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Chinese language cinema

Film review: The Tag-Along – Taiwanese urban legend spawns atmospheric yet banal horror

First-time director Cheng Wei-hao pulls out all the clichés in this best-selling tale of haunting and ghosts

PUBLISHED : Thursday, 17 March, 2016, 8:00am
UPDATED : Thursday, 17 March, 2016, 10:16am

In the home video footage that spawned an urban legend in 1998, a creepy looking little girl in a red dress was seen following a group of hikers on a mountain trail in Taichung, Taiwan. At the hands of first-time director Cheng Wei-hao, the promise of the grainy video is at once built on and compromised in The Tag-Along, an effective mix of familiar scares that puts in regrettably little effort to recreate the clip’s spine-chilling scenario.

After the grandmother (Liu Yin-shang) he cohabits with vanishes under spooky circumstances, property agent Wei (River Huang) continues to sense her presence until he, too, sees a ghost and goes missing himself. But not before he reappears in front of his radio DJ girlfriend Yi-chun (Tiffany Hsu Wei-ning) as a yucky spectre, eating worms from a plate while letting maggots crawl on his face – or is it all in her mind?

While Yi-chun wants neither marriage nor children, she isn’t ready to let Wei go without a fight. As she researches into the myth about “mosien” (the pre-credit titles describe them as ghosts that appear in the shape of children or monkeys), Yi-chun soon encounters a parade of cliches commonly seen in Japanese horror films – right down to the pale-faced girl scuttling on all fours in dimly lit spaces.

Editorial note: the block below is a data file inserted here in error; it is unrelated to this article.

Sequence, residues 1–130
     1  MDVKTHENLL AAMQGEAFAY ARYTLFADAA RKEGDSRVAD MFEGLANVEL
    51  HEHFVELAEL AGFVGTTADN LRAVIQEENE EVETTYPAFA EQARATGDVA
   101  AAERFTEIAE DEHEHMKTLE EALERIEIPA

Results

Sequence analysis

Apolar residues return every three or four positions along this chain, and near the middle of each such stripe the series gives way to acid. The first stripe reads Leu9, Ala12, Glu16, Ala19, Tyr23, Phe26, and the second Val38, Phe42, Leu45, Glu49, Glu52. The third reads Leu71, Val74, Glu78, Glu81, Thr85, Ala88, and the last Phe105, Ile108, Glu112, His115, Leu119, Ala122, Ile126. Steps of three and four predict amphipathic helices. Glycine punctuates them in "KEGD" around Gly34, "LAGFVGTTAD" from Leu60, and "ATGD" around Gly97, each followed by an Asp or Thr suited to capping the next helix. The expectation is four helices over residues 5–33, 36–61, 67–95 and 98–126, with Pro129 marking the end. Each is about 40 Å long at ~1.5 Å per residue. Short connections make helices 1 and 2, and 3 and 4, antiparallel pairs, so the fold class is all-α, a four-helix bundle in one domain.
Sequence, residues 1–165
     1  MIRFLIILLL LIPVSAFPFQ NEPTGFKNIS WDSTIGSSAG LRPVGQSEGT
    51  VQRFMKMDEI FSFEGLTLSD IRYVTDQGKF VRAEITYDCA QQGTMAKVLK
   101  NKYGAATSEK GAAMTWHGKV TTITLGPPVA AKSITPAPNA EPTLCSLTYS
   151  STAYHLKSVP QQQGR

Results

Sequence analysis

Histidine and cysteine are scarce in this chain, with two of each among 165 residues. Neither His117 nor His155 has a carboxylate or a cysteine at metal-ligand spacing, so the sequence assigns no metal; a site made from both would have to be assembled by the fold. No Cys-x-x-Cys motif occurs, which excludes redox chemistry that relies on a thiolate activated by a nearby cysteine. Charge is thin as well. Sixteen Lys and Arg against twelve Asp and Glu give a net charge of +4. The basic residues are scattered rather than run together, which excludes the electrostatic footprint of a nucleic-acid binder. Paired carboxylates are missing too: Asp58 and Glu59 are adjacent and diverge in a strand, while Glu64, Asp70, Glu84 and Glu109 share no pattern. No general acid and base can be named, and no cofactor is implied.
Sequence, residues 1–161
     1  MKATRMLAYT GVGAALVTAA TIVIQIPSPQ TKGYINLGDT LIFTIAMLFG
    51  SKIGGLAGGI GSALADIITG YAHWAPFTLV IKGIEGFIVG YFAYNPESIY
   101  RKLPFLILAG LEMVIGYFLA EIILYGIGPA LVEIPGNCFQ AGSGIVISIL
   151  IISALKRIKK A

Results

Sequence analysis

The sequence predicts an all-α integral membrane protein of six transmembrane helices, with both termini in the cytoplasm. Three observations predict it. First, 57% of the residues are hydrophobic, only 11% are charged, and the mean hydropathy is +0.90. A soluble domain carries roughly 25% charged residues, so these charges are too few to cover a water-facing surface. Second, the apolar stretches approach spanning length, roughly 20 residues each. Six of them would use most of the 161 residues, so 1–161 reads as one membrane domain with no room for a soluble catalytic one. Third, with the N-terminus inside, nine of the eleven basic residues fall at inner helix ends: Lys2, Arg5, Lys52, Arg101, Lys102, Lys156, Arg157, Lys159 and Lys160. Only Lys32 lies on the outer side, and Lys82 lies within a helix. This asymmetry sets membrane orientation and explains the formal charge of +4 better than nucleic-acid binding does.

As The Tag-Along eventually follows the haunted woman deep into the mountains to look for her boyfriend, the story descends into a mass of contradictory clarifications that conveniently borrow the “tree spirits” concept from the Han-dynasty text Classic of Mountains and Seas one minute, resort to the old story of abortion remorse the next, while never quite getting around to explain who the girl in red really is.

But if there’s any justice in the cinema world, the popular TV actress Hsu should see her film career take off the way Lee Sinje’s did after the hit ghost movie The Eye (2002). After all, The Tag-Along has become one of Taiwan’s highest grossing horror flicks in living memory – without even the benefit of being especially original or memorable.

The Tag-Along opens on March 17

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